This explosive biography of the Prince of Wales set media headlines alight on hardback publication. Now available complete with an updated epilogue, it will change the way you think about Charles, his Princess and his mistress. As the Prince of Wales turned fifty at the end of 1998, the media focused on the publication of Charles: Victim or Villain?, Penny Junor's controversial biography of the heir to England's throne. Directing the spotlight onto 'the three people' in the Royal marriage, this book has turned popular understanding on its head. But although Junor's unique insight into these endlessly intriguing relationships caused fierce speculation, even outrage, nothing has been denied. Nobody has disputed that this is the true portrait of a marriage. Sourced from those closest to the Prince, the Princess and Camilla -- some of whom have never spoken before -- Penny Junor explodes and explains the popular myths. The result is a provocative new portrait of the man who will be King.
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If you want to hear nice things about Princess Diana, listen to England's Rose: Tribute to Diana or read Andrew Morton's Diana: Her True Story in Her Own Words. Penny Junor's controversial bestseller tells another tale. "[Charles] had to put up with years of tantrums and abuse," writes Junor. "Charles cut his friends out of his life at Diana's insistence, and even gave away the dog he loved in an effort to make Diana happy." Junor charges Diana with tricking Charles into marriage; cruelty to her children's nanny; refusal to see the psychiatrist Charles worriedly recommended for her anorexia; beating Charles to the punch in the adultery department; and making phone calls to Camilla in which Diana "would say things like, 'I've sent someone to kill you.... Look out of the window; can you see them?'" Junor quotes Prince William as saying, "Papa doesn't embarrass me. Mama does." While she doesn't paint Charles in fully glowing colors, Junor's portrait of Diana is startlingly harsh. Regarding the "Camillagate" tapes of Charles's crude love talk, which will humiliate the whole family forever, Junor darkly notes that: "The Princess was one of very few people who knew the Prince's mobile telephone number, and it was known that she had been worried about bugging on her own account and had installed some sophisticated equipment at Kensington Palace." How upsetting is this book? Newspapers report that Junor is herself besieged by paparazzi and hate mail and travels with a bodyguard. --Tim AppeloAbout the Author:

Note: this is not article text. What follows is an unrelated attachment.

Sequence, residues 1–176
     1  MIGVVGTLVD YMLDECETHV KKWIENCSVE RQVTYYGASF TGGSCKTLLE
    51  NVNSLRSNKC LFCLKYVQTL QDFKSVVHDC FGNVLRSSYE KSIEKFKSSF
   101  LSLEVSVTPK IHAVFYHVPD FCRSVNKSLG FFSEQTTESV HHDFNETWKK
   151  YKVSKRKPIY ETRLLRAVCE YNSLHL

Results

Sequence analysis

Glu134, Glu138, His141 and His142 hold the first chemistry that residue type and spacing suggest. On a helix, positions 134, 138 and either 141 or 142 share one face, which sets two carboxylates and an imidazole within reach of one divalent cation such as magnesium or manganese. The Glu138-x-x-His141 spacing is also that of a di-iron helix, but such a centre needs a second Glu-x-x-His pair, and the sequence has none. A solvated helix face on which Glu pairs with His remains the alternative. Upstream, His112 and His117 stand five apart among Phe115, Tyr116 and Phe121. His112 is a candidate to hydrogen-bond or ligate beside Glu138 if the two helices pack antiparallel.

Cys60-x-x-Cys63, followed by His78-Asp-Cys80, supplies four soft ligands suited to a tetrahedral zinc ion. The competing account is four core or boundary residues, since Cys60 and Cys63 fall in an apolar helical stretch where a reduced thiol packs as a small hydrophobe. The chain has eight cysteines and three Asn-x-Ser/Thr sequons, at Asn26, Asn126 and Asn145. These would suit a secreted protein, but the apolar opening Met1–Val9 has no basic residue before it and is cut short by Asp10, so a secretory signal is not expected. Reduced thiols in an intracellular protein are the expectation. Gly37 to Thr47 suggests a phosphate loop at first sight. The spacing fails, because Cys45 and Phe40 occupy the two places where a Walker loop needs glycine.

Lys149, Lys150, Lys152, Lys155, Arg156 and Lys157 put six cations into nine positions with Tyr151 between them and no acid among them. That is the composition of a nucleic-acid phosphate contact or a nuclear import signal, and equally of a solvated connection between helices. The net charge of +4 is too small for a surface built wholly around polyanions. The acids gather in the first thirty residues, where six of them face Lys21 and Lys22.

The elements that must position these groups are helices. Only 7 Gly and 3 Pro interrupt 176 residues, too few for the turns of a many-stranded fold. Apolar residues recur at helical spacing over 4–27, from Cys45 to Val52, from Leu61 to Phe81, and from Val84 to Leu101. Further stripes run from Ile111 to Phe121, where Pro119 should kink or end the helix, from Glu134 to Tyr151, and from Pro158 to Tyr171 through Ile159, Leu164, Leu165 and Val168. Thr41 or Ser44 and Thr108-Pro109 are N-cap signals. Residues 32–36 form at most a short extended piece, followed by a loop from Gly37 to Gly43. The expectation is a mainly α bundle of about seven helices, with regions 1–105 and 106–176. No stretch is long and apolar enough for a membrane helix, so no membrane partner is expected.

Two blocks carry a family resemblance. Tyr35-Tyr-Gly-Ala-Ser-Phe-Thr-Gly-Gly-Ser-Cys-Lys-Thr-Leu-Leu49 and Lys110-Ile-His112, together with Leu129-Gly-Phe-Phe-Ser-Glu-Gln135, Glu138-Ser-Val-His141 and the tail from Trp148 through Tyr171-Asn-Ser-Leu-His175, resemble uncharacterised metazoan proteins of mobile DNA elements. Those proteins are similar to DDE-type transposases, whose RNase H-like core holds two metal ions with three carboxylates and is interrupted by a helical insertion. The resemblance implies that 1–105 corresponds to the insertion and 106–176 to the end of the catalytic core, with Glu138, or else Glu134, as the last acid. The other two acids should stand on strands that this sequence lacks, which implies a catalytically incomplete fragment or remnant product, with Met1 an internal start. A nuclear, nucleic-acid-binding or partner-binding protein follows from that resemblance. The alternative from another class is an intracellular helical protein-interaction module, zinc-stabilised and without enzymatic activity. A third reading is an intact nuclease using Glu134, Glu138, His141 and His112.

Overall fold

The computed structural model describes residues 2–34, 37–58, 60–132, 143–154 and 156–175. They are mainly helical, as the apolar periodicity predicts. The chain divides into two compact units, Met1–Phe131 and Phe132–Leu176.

Penny Junor is a frequent commentator on the Royal Family on TV and in the press. She is the author of a number of bestselling royal and political biographies.
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Book Description HarperCollins Publishers Ltd, 1999. Paperback. Book Condition: New. Bookseller Inventory # P110006530249